It dawned on me just the other day: we are living in the future. There is so much innovation and new technology around us that it no longer feels like we're merely living in the present. It's as if we're in a science fiction movie where we've been transported forward by ten or twenty years
Sony has developed a mind-bending application for UHDTV (Ultra High Definition TV) that records the action on an entire football pitch, and then allows an area of the pitch to be selected and output at "standard" 1080 or 720 resolutions.
In many ways IBC2013 was a quiet show. Yes it boasted record visitor numbers, but few things happened out in Amsterdam that hadn’t been predicted beforehand: namely HEVC-powered 4K is on the horizon, the second screen is increasingly important to broadcasters’ plans, and higher frame-rate imaging is moving closer and closer to mainstream acceptance. Andy Stout looks back on five days in Amsterdam
Taken with something of a sense of irony, a camera phone can't do justice to the magnificence of an 8K, 33 megapixel video screen.
Sky TV (one of the UK's major broadcaster and widely viewed across Europe) is remaining tight-lipped about their plans for 4K. RedShark contacted them recently with an interview request and the response was that no-one was available. This is in stark contrast to when they were launching 3D, when they were somewhat more effusive about their 3D roadmap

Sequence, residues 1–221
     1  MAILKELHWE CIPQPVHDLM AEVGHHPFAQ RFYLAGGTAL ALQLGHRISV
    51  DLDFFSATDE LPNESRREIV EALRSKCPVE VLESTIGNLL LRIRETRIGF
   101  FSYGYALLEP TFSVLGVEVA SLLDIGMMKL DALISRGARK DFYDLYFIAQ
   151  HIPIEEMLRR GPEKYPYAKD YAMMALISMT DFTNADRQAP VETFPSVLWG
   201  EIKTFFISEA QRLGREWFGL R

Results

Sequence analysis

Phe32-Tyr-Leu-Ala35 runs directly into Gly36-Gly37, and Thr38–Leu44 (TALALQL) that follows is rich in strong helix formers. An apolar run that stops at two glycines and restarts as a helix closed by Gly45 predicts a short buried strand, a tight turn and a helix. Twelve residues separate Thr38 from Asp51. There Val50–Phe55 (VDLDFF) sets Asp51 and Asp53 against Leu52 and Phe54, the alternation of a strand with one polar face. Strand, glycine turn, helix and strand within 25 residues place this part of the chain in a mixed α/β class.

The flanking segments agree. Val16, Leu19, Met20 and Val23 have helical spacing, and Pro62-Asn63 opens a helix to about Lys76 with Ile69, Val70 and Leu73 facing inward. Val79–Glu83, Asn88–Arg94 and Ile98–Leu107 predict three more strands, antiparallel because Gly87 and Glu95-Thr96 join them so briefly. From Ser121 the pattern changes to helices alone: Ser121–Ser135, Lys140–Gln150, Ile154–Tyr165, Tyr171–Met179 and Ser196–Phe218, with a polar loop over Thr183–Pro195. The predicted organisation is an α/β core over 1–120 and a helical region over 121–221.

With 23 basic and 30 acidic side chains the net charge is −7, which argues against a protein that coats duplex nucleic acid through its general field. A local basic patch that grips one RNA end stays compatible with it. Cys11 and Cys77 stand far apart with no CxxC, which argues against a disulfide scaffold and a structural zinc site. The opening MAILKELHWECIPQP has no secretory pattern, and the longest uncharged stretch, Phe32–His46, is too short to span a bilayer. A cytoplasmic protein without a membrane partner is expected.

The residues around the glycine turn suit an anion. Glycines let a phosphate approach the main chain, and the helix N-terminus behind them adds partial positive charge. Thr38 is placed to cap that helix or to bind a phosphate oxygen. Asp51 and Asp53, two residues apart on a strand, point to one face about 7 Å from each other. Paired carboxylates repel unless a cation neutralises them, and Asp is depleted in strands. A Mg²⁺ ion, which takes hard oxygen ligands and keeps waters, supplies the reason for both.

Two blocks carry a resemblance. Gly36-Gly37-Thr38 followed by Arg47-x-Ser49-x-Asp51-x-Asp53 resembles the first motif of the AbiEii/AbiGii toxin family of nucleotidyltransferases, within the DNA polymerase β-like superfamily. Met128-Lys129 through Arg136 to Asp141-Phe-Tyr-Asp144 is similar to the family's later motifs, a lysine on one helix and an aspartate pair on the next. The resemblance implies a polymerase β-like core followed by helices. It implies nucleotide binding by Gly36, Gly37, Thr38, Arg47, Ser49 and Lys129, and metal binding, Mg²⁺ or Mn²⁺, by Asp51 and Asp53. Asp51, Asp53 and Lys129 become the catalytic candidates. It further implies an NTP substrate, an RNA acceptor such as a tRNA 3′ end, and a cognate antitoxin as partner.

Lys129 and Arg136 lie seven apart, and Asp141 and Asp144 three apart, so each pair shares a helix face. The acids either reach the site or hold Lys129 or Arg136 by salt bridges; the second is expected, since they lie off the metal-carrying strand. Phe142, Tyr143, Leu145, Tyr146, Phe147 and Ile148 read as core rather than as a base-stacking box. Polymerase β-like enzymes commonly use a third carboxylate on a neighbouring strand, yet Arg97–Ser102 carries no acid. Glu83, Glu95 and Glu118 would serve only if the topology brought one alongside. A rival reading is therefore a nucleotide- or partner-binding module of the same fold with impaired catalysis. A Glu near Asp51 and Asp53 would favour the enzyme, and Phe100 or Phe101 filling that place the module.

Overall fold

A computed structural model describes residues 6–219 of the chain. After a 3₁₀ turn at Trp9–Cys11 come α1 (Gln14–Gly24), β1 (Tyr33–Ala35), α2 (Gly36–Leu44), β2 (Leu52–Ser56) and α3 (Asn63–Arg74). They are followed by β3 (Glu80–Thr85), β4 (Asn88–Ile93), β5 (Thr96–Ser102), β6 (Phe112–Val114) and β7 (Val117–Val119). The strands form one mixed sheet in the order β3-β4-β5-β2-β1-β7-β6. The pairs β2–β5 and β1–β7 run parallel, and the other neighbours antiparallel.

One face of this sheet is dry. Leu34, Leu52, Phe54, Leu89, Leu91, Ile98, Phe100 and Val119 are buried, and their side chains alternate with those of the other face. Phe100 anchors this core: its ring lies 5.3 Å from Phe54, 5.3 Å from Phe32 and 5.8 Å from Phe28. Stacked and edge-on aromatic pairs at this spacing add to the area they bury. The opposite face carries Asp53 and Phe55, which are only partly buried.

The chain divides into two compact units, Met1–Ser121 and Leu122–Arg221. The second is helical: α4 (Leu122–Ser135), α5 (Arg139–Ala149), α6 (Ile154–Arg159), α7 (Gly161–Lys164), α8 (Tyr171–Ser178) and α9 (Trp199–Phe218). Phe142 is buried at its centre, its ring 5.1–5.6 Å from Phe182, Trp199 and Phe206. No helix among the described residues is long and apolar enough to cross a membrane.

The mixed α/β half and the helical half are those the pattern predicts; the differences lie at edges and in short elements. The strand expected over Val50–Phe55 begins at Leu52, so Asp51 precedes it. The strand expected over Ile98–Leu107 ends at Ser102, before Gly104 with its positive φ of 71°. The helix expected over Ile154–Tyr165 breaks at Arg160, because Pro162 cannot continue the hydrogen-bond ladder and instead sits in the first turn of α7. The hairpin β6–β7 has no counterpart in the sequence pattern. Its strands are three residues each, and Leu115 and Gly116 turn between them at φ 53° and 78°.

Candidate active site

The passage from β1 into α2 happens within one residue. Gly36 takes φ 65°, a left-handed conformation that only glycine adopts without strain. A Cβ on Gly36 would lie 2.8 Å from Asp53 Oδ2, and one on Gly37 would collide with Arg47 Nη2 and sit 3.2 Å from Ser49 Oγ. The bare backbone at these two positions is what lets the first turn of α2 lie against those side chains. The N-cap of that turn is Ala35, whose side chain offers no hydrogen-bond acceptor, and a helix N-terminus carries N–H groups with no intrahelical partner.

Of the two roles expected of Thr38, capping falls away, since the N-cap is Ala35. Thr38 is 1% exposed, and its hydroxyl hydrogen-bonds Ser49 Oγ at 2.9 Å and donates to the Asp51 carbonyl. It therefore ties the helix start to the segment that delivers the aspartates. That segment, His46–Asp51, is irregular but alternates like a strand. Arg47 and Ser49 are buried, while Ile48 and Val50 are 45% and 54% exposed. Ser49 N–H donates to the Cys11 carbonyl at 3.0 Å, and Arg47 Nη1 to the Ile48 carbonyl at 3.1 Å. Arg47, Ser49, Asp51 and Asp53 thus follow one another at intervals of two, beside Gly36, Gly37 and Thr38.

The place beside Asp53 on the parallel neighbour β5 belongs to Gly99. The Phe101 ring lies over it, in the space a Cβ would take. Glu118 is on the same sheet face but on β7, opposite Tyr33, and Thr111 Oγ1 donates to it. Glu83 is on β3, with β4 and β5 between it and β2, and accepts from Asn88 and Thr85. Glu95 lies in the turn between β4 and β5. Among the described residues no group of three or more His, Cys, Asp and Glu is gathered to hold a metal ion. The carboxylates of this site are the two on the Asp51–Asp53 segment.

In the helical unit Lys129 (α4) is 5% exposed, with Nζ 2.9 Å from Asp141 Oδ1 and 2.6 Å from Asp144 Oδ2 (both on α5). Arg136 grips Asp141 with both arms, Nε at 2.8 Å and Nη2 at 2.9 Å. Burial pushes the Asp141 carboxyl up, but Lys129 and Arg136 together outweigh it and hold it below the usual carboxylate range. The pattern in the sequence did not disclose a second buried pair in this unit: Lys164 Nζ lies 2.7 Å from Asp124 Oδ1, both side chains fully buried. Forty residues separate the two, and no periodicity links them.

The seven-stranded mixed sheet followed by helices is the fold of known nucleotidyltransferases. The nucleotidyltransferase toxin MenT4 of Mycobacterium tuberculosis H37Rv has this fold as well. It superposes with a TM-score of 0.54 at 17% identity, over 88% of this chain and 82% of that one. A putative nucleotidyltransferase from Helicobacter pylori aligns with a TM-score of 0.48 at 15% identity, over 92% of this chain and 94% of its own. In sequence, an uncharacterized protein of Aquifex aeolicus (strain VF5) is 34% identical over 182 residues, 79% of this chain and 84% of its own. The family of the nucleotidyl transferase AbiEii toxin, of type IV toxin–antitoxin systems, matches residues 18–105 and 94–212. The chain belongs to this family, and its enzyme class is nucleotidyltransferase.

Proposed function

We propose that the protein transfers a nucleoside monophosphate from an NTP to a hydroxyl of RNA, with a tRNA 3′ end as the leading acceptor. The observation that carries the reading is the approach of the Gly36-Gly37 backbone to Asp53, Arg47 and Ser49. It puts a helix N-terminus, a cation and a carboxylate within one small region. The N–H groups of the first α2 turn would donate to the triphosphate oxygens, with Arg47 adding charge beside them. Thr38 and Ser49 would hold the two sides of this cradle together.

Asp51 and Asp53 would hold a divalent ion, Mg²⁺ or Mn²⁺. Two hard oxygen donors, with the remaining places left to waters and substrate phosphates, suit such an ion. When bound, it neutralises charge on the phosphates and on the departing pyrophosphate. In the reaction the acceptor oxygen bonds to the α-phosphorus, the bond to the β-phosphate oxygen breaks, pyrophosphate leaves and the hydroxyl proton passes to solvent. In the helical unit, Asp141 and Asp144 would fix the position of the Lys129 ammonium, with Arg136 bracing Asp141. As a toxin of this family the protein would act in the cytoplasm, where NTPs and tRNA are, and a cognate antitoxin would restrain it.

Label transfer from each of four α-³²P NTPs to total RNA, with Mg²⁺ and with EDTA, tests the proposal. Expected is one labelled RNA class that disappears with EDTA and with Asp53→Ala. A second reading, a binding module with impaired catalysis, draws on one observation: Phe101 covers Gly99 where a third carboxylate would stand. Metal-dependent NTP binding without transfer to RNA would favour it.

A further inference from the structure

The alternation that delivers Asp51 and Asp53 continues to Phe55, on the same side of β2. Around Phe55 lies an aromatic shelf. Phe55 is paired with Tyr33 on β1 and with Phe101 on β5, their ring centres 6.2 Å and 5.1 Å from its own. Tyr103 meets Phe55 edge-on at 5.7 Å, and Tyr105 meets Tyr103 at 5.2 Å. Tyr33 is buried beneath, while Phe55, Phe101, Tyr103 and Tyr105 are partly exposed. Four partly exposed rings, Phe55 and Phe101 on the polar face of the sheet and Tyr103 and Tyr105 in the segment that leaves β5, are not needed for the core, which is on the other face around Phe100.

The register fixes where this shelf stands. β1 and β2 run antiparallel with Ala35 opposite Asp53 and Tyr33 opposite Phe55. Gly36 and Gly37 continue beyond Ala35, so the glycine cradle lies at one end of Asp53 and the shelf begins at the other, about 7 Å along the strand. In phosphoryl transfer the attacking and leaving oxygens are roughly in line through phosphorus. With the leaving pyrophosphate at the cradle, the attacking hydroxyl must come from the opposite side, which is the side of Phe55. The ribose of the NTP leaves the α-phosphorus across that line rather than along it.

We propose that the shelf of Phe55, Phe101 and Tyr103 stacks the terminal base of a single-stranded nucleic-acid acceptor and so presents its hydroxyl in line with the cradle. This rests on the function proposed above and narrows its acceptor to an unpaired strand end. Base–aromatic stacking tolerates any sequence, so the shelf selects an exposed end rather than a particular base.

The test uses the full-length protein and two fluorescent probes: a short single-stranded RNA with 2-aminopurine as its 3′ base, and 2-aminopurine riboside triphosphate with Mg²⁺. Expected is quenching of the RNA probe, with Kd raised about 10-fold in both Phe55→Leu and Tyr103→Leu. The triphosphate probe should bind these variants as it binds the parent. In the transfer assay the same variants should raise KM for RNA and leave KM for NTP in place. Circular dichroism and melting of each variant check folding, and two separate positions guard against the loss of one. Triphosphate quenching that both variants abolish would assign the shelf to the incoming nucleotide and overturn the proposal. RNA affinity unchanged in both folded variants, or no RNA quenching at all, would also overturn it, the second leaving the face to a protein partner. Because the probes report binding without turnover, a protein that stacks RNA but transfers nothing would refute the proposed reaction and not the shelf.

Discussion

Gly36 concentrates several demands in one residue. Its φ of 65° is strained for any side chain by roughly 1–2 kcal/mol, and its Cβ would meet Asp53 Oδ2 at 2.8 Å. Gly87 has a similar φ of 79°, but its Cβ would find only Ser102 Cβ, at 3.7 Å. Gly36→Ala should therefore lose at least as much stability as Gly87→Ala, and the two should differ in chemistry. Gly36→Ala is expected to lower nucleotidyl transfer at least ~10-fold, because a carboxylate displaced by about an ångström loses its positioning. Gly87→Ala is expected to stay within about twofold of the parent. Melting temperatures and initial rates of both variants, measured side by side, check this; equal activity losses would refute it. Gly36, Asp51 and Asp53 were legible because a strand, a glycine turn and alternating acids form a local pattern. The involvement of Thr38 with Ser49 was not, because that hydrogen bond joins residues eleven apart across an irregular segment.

It looks unassuming, but this lump of rack unit kit is part of the future of broadcast. Given that five minutes of uncompressed 8K can take up an entire terabyte of storage, harnessing the power of HEVC to squash it down into something both storable and transmittable is a worthwhile venture. NHK and Mitsubishi have been the first to do it with this 8K encoder.
It's kind of surprising to see a top-end camera like the F65 being used in smaller independent films. But the reality is that it's not so expensive and difficult to operate that it's out of range of this type of production. And here's the proof